The second prong determines whether the child's individualized education program was reasonably calculated to ensure the student would receive an educational benefit. Even if a school technically followed the rules and provided instruction that seemed to meet FAPE requirements, the student's right to FAPE might still be being denied if they are not able to fully benefit from that instruction.

What Happens When There Is a Disagreement About FAPE?

Schools and parents may disagree about what FAPE requires. For example, they might disagree about the type of services necessary. Alternatively, they might disagree about the amount of services the school will provide. There are various ways that parents can respond if they believe their child is being denied their right to a FAPE. Options might include:

  • Talking with the teacher and asking for solutions
  • Negotiating a compromise with the IEP team
  • Taking part in mediation or other dispute resolution options
  • Documenting concerns in writing
  • Contacting the superintendent or the director of special education
  • Requesting an IEP team meeting
  • Requesting an intra-district transfer
  • Filing a complaint with the school district
  • File a compliance complaint
  • File a complaint with the Office for Civil Rights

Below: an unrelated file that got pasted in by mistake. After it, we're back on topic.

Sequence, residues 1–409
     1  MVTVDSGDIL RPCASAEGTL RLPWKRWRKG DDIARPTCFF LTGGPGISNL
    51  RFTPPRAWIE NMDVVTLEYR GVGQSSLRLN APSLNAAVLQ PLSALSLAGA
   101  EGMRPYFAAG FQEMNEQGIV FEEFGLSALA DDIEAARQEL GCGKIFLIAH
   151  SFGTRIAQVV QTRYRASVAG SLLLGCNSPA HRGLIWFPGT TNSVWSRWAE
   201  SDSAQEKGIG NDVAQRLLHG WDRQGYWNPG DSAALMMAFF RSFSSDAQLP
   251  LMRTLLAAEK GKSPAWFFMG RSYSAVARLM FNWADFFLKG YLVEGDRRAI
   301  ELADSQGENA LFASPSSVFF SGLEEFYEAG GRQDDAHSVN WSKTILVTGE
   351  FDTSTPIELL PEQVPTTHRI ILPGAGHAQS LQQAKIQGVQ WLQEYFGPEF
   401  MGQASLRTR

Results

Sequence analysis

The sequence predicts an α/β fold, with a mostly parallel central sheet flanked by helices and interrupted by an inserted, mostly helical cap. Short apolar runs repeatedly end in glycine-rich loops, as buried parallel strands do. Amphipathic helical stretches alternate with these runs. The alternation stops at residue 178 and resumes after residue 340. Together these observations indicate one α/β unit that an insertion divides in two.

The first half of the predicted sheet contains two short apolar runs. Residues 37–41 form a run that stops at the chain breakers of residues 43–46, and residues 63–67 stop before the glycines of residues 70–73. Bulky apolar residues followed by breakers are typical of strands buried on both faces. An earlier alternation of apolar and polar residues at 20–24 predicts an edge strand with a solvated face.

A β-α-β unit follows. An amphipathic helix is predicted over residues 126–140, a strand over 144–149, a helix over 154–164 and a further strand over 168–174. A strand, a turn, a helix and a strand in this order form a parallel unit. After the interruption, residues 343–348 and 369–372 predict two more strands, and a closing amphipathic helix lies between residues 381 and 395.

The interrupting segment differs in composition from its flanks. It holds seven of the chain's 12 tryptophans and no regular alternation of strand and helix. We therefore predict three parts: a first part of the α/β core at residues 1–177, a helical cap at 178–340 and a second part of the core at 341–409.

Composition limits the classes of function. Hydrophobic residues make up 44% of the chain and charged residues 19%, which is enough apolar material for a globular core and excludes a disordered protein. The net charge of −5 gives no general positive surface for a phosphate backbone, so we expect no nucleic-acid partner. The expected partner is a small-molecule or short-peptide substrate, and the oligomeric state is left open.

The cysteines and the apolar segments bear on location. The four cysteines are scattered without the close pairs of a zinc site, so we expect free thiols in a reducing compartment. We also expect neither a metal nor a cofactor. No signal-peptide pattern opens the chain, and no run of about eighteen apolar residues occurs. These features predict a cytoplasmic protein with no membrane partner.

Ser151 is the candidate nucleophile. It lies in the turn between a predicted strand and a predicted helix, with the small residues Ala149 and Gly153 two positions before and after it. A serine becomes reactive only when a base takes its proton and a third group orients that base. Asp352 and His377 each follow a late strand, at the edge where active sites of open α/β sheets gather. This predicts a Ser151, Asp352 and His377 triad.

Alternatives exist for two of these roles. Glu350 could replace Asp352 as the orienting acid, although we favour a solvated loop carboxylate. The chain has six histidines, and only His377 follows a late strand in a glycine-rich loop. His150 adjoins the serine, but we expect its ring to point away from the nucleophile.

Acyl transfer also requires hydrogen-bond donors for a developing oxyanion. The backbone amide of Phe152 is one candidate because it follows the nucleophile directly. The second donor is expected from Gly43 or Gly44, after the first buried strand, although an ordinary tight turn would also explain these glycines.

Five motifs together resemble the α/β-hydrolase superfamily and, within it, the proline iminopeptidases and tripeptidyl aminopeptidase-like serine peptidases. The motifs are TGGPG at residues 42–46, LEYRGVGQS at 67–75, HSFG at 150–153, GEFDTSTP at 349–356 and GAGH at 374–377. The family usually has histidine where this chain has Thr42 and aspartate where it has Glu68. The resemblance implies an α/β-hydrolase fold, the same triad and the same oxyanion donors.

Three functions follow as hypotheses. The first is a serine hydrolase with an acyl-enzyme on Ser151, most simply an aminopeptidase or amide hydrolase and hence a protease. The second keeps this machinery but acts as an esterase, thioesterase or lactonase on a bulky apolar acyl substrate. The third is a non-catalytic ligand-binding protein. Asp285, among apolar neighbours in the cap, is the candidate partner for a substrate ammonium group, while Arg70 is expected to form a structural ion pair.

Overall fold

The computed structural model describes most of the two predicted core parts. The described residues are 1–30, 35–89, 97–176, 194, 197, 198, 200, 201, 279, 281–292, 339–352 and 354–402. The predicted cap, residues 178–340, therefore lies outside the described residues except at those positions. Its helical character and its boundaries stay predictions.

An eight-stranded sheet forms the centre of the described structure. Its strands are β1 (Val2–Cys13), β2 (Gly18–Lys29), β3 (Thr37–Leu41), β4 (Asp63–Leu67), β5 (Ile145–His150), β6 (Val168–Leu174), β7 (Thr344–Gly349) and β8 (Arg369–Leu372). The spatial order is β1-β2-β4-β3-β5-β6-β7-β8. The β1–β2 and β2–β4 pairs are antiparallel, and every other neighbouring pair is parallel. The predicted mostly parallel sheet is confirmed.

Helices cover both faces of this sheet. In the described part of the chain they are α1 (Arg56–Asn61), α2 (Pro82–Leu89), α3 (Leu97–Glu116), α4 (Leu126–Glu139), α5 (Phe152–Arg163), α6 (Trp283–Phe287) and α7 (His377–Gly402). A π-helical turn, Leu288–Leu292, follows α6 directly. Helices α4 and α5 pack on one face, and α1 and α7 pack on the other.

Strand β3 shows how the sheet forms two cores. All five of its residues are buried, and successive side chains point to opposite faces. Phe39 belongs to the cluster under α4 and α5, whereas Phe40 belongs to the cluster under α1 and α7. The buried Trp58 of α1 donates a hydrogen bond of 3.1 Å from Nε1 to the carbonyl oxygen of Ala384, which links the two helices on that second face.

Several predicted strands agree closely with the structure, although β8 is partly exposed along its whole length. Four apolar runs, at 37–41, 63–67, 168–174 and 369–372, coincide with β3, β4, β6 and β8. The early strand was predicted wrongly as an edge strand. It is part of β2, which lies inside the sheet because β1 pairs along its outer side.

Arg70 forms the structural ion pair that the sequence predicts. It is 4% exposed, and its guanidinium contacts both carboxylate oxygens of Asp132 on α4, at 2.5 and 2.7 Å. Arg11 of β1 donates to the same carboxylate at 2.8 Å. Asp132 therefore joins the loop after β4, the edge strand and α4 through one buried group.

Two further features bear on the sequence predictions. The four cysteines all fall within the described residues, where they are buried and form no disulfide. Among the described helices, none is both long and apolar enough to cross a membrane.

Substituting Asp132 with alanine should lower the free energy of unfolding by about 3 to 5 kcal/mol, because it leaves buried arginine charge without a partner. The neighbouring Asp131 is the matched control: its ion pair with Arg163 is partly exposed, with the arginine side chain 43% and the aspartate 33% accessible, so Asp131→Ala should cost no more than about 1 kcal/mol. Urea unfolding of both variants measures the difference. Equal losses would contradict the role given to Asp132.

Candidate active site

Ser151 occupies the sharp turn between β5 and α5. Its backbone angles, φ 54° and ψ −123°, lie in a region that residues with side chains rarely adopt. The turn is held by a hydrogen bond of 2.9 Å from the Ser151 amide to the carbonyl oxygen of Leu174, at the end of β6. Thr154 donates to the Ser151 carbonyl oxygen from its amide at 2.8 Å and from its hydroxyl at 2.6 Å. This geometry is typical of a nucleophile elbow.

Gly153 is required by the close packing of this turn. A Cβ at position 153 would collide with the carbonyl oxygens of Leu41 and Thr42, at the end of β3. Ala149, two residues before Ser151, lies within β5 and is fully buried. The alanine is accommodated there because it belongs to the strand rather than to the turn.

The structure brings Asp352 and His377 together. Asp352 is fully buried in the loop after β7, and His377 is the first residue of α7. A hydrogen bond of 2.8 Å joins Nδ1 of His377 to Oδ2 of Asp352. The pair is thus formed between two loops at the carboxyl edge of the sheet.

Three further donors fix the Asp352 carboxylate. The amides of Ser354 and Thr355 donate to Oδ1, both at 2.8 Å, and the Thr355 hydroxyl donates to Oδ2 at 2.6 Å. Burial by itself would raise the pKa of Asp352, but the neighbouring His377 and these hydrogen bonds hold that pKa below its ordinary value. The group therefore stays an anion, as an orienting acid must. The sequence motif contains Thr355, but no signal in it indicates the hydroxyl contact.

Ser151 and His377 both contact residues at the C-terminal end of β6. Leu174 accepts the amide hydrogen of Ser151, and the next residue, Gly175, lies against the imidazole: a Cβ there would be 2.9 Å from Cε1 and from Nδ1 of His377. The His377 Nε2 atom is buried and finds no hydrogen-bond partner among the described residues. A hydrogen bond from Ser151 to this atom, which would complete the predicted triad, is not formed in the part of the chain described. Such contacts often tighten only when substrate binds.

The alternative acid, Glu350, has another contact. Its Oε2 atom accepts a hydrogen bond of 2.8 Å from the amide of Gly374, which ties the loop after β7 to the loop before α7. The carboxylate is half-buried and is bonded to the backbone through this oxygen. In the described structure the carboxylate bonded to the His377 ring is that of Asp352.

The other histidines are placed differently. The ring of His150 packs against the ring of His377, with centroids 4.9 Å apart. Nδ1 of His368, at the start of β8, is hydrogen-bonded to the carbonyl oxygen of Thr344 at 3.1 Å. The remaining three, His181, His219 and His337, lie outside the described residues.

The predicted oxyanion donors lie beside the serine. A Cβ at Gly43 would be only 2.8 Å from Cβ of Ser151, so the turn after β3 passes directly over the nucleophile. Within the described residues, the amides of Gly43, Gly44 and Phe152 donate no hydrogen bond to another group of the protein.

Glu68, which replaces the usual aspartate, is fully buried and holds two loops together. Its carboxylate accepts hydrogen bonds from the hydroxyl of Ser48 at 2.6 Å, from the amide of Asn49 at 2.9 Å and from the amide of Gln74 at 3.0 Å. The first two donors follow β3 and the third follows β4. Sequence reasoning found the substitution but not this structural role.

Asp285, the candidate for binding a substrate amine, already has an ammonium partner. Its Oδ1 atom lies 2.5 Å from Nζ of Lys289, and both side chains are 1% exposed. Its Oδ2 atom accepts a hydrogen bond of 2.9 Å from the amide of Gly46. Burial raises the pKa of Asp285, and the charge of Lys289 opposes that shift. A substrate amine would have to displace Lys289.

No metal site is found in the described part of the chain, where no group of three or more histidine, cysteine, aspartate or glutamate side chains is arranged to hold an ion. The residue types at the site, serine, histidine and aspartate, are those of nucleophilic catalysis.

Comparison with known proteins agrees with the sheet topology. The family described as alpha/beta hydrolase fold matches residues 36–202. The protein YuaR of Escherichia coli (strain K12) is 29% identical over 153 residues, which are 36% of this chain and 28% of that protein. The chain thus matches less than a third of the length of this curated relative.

• File a special education due process complaint

Contact a San Diego Special Education Lawyer for Help with Your FAPE Case

After reviewing this guide to FAPE, you likely have many questions. Special education laws can be complex. Some parents choose to hire a lawyer to help them navigate this complex system. For more information and a free consultation, consider contacting the compassionate and experienced education attorney at the Law Office of Paul A. Hefley, Jr. at (619) 764-6168.

Other Related Articles:

How Often is an IEP Reviewed?

What Diagnoses Qualify for an IEP?

FAPE Checklist

Can Parents Audio Record IEP Meetings?

Will an IEP Hurt My Child?

About the Author

Paul Hefley

Paul is an experienced litigator and trial attorney. He has litigated special education cases in the California Office of Administrative Hearings, the United States District Court for the Southern District of California, and the Ninth Circuit Court of Appeals.

Comments

Myrta TorresReply

Posted May 18, 2022 at 14:13:58

Excellent explanation, very helpful and easy to understand.